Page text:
City Secures Rest of Willoughby Square Park Properties

It looks like we were on to something when we reported the city’s acquisition of two properties in the Willoughby Square Park footprint earlier this month. Now the rest of the pieces of the puzzle have fallen into place: Public records show that the city has taken title to nine properties through the process of eminent domain. The properties include 392, 402, 404, 406, 416, and 418 Albee Square as well as 223, 225 and 229 Duffield Street. Based on our understanding of how the eminent domain process works, the owners will not receive full compensation from the city until appraisals are completed. A few of these buildings still have some rent-controlled tenants in them who are being relocated by HPD. As for the city’s plans for the project, the RFP process for both the landscape design of the 1.25-acre park and the development of the 700-car underground parking garage have been completed but the contracts have not been awarded or announced yet. Update: The Underground Railroad property is not part of the park parcel.
City Spends Almost $40 Million on Two Downtown Lots [Brownstoner]
Willoughby Square Park Plan [Department of City Planning]
Parks & Open Space [Downtown Brooklyn Partnership]

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  • Whatever happened with the “Underground Railroad” house? Is it still going to be a museum?

  • Parking for 700 cars! Unnecessary. This year the NYCDOT released a report that during the boom years of 2000-2007, when employment and population grew steadily, vehicular traffic remained flat while transit and biking grew rapidly. Therefore, just because you’re planning for growth in an area, does not mean that you need to go about increasing the amount of parking.

  • BrooklynLovely.

  • Beau Guest, regarding the Underground Railroad Museum, there was a newspaper article back in late November, early December stating that an oral agreement had been agreed upon between the developer of the Indigo Hotel on Duffield Street and the owner of the Underground Railroad House to incorporate the museum into the hotel (with the assistance of the city), but no written agreement was ever executed because the homeowner “disappeared” and was being completely unresponsive to requests by the Indigo developers to conclude the deal. That’s the last thing that I’ve heard….

  • I work with the advocates of 227 Duffield, and after months of discussion with V3 (the owners of Indigo), we developed a solid proposal with the assistance of a new team of lawyers. V3 rejected our proposal. We have always been and will continue to consider any proposal they might have.

    Our new team of lawyers and others are laying the organizational and financial groundwork for an independent museum. This is separate from the City’s initiative to commemorate Brooklyn’s anti-slavery history- we’re glad to work with them as well.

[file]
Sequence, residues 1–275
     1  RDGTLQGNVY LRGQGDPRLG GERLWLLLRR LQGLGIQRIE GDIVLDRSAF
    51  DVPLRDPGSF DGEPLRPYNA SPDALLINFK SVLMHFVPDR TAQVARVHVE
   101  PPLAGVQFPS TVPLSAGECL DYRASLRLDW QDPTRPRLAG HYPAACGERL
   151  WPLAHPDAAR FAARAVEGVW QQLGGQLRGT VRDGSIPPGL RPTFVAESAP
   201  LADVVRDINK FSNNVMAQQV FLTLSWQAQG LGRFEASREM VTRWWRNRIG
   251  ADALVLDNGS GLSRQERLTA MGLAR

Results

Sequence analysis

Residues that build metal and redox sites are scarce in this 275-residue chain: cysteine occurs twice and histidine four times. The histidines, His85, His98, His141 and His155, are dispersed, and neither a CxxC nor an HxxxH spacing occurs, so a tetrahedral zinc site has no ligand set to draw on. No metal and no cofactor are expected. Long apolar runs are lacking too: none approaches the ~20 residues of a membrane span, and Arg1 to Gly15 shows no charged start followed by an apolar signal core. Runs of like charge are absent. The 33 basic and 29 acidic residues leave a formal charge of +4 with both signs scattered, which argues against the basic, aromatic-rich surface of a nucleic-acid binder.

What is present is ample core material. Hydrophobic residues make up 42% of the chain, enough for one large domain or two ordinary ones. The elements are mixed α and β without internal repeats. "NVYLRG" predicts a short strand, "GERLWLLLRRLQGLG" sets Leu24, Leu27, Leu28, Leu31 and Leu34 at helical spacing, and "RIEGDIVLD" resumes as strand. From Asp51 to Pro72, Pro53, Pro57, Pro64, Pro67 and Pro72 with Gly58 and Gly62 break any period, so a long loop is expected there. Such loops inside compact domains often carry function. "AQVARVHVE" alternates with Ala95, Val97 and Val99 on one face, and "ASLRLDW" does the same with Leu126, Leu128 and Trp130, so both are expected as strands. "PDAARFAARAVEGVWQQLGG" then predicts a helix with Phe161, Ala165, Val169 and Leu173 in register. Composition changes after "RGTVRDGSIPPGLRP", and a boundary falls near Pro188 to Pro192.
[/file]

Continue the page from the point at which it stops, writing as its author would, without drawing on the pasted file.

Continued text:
It’s been a odd ride, but I am optimistic that we will be able to create a museum at 227 Duffield, and I think this will be a great addition to Downtown Brooklyn.

  • Our schools are cutting their budgets while there’s money to build underground parking. Are you freakin’ kidding me?

  • mgm-

    If you think an underground parking lot is a strange priority for our current budget, you’ll probably be interested in this article from (12/9/08). It talks about the $400,000,000 of low interest financing for the City Point project right next to the new micro-park/parking lot:

    Advocates say housing subsidy too high for CityPoint units, urge HDC to reconsider

    When the issue is affordable housing subsidies, an applicant shouldn’t be asking for more per unit than has been established for other projects.

    That was the lesson of a public hearing held yesterday by the New York City Housing Development Corporation (NYC HDC), a first step to consider $400 million in low-interest financing for some 810 units–perhaps 20-25% affordable–at the the CityPoint tower planned at the Albee Square Mall site in Downtown Brooklyn.

    Families United for Racial and Economic Equality (FUREE), a fierce critic of the effects of the Downtown Brooklyn rezoning, brought several members to protest the CityPoint plan.

    But the most effective testimony came from Paula Crespo, a planner at the Pratt Center for Community Development working with FUREE, who pointed out that the $1.9 million in bonds requested per unit was “extremely high.” Some HDC projects have required only $150,000 to $400,000 per unit, she said. (Clarification: The testimony she delivered was on behalf of herself and Pratt Center director Brad Lander.)

    [continues at ]

  • I don’t know if the Citypoint folks are going to get anywhere near the $400 million that they requested, but I’d be surprised if they don’t get significant assistance from the HDC. Especially since the city seems to be moving forward with Willoughby Square Park, the last thing they would want is a beautiful new park next to a huge hole in the ground where Citypoint is supposed to be. The developers probably figured if they want to receive the high end of the “$150,000 to $400,000 per unit” they needed to come out the box with an unrealistically high request because the amount that they would actually receive would get reduced anyway.

  • Very disappointing the city caved to Joy Chatel. Chatel’s eyesore of a building should’ve been torn down years ago. Now it’s just going to be a giant pimple on the face of Downtown.

    It’s no surprise FUREE is a critic of the rezoning. The members are a bunch of welfare sucking, self-entitled project dwellers who want to keep Brooklyn completely ghetto. What a joke.

  • I’d love to see something that commemorates Brooklyn’s role in anti-slavery. Very few realize that the home of the abolitionist movement was Brooklyn Heights.

    The Underground Railroad was nothing compared to what Reverend Henry Ward Beecher did at Plymouth Church.